Nineteen study participants, 9 healthy controls and 10 CM patients, were enrolled in the study. All study participants had 3T MR images acquired of the cervical spine in neutral, flexed, and extended positions. Displacement and strain fields and corresponding principal strain were obtained from the MR images using image registration.


The healthy spinal cord displaces superiorly in flexion and inferiorly in extension. Principal strain is evenly distributed along the spinal cord. The CM spinal cord displaces less than the healthy cord and the magnitude of principal strain is higher, at the midcervical levels.


Increased spinal cord compression during cervical myelopathy limits motion of the spinal cord and increases spinal cord strain during physiological motion. Future studies are needed to investigate how treatment, such as surgical intervention, affects spinal cord mechanics.

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Matthew A. Howard III, Jayashree Srinivasan, Carl G. Bevering, H. Richard Winn and M. Sean Grady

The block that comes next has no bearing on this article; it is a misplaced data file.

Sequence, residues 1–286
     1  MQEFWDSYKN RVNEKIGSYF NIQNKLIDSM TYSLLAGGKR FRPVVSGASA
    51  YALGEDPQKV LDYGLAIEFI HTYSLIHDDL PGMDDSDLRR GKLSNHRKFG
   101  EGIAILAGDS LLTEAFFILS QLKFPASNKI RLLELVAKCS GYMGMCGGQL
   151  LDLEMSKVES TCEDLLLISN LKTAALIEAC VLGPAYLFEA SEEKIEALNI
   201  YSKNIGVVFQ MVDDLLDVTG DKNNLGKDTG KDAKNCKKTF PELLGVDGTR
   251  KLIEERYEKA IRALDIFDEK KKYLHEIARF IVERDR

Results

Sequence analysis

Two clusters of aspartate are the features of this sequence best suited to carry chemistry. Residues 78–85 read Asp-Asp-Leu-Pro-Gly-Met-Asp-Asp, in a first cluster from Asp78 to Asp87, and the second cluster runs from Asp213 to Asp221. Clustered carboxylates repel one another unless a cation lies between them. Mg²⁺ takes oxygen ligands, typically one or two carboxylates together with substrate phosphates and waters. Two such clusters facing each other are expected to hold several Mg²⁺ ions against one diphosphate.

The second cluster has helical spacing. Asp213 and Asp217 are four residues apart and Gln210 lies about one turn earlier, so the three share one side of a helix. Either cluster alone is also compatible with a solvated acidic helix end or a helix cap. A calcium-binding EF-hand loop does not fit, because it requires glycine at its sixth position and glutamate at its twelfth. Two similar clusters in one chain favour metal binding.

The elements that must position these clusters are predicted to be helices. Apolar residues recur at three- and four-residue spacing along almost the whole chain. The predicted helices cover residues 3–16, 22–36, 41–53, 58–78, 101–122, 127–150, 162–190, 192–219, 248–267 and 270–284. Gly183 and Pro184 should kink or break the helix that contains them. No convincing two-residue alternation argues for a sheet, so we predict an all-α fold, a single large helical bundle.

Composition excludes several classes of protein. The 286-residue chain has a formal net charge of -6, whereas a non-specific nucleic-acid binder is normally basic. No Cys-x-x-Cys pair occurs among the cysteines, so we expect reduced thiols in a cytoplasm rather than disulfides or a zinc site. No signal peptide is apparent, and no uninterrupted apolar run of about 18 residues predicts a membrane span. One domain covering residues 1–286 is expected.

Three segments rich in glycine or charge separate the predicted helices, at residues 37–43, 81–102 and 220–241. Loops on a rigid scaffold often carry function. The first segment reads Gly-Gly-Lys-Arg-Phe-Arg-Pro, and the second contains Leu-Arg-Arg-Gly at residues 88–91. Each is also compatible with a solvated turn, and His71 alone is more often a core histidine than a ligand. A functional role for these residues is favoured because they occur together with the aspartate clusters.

✓ Accurate placement of parietooccipital ventricular catheters can be difficult and frustrating. To minimize the morbidity of the procedure and lengthen the duration of shunt function, the catheter tip should lie in the ipsilateral frontal horn. The authors describe a posterior ventricular guide (PVG) for placement of parietooccipital catheters that operates by mechanically coupling the posterior burr hole to the anterior target point. In a series of 38 patients who underwent ventriculoperitoneal shunting with the assistance of the guide, postoperative computerized tomography (CT) scanning revealed that 35 (92.0%) had accurate catheter placement. In comparison, a retrospective review of free-hand posterior catheter placement revealed good catheter position in only 22 of 43 patients (51.1%). The use of the guide added less than 5 minutes to the entire procedure, and there were no complications related to its use. The PVG is a simple and useful tool that aids in the placement of parietooccipital ventricular catheters.

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Matthew A. Howard III, Alan S. Gross, Ralph G. Dacey Jr. and H. Richard Winn